A veteran Alameda County Superior Court traffic commissioner assigned to the Pleasanton courthouse who was accused of mistreating defendants and making inappropriate comments to clerks has resigned.
Representatives of the state Commission on Judicial Performance said Taylor Culver, 70, who had been scheduled to face a hearing before a panel of special masters on Jan. 23, resigned his position on Nov. 30.
Culver, who was admitted to the bar in 1976 and was appointed to the Superior Court bench in 2005, has agreed never to seek or hold a judicial assignment or accept any work from the state court system, according to the commission.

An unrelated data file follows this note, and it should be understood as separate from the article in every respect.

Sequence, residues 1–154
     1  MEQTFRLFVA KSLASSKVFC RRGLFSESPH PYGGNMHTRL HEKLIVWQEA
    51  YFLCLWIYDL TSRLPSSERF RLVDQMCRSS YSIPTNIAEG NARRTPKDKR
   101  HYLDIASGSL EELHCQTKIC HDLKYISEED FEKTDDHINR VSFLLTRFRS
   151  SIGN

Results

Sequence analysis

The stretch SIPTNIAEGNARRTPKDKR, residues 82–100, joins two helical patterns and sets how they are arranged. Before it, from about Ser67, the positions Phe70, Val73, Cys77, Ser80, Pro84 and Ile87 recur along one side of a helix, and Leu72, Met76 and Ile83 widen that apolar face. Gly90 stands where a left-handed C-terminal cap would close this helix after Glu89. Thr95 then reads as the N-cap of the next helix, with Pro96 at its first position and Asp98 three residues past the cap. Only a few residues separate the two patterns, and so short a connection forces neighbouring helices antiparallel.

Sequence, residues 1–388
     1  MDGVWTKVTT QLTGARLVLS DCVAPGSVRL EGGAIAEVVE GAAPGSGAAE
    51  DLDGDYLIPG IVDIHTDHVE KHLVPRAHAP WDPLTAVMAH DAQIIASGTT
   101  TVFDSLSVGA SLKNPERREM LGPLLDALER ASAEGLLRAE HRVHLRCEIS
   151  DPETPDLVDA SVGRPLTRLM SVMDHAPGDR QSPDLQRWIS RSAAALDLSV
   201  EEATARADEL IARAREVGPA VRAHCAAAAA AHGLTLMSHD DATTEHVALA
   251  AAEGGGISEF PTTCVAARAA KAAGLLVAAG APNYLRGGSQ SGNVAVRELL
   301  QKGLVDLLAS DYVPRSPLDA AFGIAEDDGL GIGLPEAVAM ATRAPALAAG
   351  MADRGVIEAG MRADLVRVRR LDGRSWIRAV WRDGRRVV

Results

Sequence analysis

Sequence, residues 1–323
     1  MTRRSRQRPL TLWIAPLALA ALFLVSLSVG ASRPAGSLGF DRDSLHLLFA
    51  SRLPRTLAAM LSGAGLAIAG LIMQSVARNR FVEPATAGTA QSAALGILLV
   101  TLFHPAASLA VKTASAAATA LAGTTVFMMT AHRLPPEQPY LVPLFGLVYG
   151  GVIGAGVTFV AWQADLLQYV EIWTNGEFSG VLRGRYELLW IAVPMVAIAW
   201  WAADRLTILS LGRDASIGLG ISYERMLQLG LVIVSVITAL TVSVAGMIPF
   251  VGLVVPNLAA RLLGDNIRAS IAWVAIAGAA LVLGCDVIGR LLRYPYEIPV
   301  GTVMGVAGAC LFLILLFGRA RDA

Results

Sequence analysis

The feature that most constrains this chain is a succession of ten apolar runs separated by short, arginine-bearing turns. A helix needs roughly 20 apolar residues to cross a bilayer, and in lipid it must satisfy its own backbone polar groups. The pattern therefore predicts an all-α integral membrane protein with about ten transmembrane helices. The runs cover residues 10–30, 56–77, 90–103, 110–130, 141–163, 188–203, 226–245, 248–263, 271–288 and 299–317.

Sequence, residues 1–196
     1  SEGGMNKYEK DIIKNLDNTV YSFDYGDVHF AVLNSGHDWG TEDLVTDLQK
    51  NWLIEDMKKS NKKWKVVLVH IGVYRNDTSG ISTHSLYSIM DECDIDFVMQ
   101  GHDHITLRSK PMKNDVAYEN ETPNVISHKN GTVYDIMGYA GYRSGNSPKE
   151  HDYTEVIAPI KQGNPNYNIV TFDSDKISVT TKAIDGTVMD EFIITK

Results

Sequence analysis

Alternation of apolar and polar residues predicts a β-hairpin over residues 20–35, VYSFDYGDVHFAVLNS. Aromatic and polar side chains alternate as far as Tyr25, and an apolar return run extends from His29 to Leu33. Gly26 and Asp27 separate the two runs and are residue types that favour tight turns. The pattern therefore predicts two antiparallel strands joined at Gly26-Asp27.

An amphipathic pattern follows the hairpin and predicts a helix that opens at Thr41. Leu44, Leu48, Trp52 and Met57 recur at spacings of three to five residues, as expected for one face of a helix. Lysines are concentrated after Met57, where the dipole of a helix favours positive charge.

The commission announced in October that it had charged Culver with nine counts of misconduct, including mistreating defendants, abusing his authority and making inappropriate comments to female clerks.
Culver's lawyer, Arthur Harris, wrote in a formal response in November that Culver believed the commission had "unnecessarily singled him out and is engaged in a campaign of harassment and intimidation for the obvious purpose of making his professional life difficult and miserable" and forcing him to walk away from his job.
Harris said the allegations against Culver "simply lack merit" and are "unfounded."
Harris said that before Culver became a lawyer he was "an extremely successful and award-winning architect."
Culver worked as a deputy attorney in the Alameda County District Attorney's Office for two years before starting his own law firm in 1978, according to Harris.